I love Riccarton House Bistro's logo. Under the deer head and name, you find: "Est. 1856."
That's taking a big chunk of historical licence - the idea that the bistro goes back to the Deans' arrival because it's in the old family homestead - but it's a bold, fun wink.
When we arrived it was a teeth-chattering minus-something outside, but inside the huge open areas were surprisingly toasty thanks to underfloor heating installed as part of the big post-quakes upgrade.
This was our first visit, and the walls lined with deer heads shot by various Deans nearly 100 years ago explained the deer head motif.
The bistro is part of a growing food empire that includes the big weekend farmers' market operation around the homestead, and two dining outlets elsewhere - Town Tonic and Passengers and Co. Those market vendors supply the bistro and this is a key plank behind the concept.
The menu was tight with three each of starters, mains and desserts. A slip of photocopied paper filled on both sides with the drinks menu was delivered to the table with an apology, indicating a wine list in progress. But I liked how you could have your wine poured in three sizes; 75ml, 125ml and 250ml.
Our waitress was pleasant but struggled when asked about ingredients and cooking techniques. Partly an English second language issue, partly she didn't know the dishes well enough.
A cured salmon starter featured lovely textured salmon, an innocuous avocado sauce, a decently seasoned cauliflower puree and some tiny cauliflower florets.
Another starter had three types of pickled cabbage, with variations on treatment, including an almond and apple vinaigrette, according to the menu. Star anise was tasted on the red cabbage. It was innovative and exciting - but $21 for cabbage?
A gurnard main was excellent. The fish was served twisted and contorted, but despite the risk that brings of overcooking it landed just right. Creamy leeks, a carrot and cumin puree and polenta cubes made good accompaniments.
Our waitress assured me the rib-eye steak on the "angus platter" should be cooked medium to get the meat tender "because of the fat content". It would be too chewy cooked medium-rare, she said. I bowed to the kitchen.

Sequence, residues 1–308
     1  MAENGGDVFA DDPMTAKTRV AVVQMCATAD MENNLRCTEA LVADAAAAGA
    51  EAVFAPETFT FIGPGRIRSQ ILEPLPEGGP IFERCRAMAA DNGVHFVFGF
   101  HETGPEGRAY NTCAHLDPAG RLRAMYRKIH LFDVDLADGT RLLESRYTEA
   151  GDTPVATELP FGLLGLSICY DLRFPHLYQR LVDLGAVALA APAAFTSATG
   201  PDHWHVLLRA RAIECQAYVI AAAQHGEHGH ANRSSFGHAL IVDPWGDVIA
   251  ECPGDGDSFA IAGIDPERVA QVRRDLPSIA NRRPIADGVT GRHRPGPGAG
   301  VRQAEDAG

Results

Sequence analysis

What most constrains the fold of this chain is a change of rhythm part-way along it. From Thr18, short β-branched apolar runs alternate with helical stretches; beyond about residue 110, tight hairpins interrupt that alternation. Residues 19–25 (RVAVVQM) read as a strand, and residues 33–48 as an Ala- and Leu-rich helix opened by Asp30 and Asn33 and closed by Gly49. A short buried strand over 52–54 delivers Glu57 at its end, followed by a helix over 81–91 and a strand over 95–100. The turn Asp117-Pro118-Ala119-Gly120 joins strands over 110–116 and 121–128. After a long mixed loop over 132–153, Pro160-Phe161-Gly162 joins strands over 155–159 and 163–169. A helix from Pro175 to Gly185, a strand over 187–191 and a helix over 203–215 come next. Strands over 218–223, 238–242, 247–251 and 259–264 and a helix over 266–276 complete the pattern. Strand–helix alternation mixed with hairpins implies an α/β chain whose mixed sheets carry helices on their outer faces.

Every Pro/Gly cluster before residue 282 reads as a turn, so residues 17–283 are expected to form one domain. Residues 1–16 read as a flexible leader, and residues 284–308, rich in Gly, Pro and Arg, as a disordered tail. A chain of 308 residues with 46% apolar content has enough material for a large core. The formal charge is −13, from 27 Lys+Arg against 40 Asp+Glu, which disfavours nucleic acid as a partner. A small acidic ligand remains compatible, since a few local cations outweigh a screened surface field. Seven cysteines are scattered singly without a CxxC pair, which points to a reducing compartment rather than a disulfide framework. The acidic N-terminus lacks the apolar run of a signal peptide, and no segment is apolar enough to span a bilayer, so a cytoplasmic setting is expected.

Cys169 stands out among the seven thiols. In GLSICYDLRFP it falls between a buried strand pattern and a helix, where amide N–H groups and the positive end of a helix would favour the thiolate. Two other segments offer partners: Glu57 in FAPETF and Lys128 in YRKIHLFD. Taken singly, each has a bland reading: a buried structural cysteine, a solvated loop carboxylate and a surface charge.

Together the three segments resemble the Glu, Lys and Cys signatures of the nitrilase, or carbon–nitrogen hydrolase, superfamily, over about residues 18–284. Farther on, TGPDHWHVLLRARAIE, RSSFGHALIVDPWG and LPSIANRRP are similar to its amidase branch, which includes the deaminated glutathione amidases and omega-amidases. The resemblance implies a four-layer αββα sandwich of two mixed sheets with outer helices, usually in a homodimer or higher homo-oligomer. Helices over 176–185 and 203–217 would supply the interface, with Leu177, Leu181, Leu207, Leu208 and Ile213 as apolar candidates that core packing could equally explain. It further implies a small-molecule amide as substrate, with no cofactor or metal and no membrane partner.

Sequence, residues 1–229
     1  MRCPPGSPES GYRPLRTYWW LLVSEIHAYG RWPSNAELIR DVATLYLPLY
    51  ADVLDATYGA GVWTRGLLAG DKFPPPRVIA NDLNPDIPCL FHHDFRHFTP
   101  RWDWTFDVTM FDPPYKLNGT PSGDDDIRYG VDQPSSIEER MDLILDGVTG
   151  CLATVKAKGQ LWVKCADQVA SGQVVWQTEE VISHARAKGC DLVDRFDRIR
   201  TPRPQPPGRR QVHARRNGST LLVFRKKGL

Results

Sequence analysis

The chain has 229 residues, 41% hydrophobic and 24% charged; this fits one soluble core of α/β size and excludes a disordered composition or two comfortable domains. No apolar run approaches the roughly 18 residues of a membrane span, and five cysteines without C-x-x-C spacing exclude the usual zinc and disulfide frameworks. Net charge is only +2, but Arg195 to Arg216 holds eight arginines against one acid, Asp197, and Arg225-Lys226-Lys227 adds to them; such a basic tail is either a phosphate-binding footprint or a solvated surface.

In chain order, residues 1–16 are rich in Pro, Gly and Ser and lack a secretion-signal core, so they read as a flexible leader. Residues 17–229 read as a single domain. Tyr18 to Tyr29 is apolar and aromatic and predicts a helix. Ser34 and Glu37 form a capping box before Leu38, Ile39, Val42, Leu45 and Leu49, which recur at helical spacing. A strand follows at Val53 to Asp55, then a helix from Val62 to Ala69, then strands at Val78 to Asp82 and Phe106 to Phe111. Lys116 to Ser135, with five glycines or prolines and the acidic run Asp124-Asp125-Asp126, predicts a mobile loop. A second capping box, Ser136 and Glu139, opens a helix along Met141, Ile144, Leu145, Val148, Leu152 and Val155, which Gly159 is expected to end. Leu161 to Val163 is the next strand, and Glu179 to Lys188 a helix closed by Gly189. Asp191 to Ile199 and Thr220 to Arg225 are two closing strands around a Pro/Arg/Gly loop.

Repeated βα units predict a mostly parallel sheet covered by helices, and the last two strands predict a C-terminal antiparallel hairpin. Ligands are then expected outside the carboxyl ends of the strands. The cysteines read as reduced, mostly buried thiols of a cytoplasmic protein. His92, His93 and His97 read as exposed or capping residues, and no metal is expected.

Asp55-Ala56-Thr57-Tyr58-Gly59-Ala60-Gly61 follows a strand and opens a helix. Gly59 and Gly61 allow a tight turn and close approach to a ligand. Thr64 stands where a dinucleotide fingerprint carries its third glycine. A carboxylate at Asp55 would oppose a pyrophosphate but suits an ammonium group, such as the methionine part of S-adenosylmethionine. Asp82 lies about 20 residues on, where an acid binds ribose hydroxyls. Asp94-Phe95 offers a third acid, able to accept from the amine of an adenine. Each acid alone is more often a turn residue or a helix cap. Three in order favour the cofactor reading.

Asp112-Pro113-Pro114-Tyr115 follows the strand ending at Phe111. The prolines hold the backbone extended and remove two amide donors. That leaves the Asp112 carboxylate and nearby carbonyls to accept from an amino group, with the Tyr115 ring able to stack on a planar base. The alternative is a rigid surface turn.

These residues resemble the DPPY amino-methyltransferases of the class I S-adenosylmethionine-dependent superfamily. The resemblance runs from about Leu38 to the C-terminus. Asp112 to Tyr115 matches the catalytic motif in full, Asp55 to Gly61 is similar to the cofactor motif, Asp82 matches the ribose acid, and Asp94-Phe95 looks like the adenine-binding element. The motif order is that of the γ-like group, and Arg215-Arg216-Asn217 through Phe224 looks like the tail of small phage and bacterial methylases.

One half ended up medium and the other almost well done, and while the crust was excellent, it was actually chewy at the well- done end. The platter also had a rich serving of pulled oxtail and some slices of braised tongue, both fine. However, it was the charred brussels sprouts and a decently gutsy beef jus that were the highlight. Potatoes were carved into a box shape (echoing the polenta) but offered nothing more than carbohydrate.
Dessert brought more innovation - a walnut creme brulee with "port wine poached pear", and a chocolate fondant with parsnip ice cream and tamarillo jam. The brulee's caramelised sugar crust was ice-sheet thick and the dish was dramatically over-sweet. A garnish of a little fan sliced pear had been visited by some cinnamon, but not port wine as the menu promised.
I admired the boldness but couldn't find a common ground among the mix of sweet fondant, parsnip and sourish tamarillo.
So much potential lies here. Celebrating local products feels right. It's an exciting, atmospheric venue at night and you feel you have left the city and the world behind when you slip through the doors. All that's needed is for the kitchen to find its form.
RICCARTON HOUSE BISTRO
Where: 16 Kahu Rd, Christchurch
Phone: 03 348 6190
When: Dinner Wed to Sat from 5pm
Cost: Entrees up to $24, mains to $39, desserts up to $18
Upside: Warm, grand, atmosphere
Go again: Yes
- The Press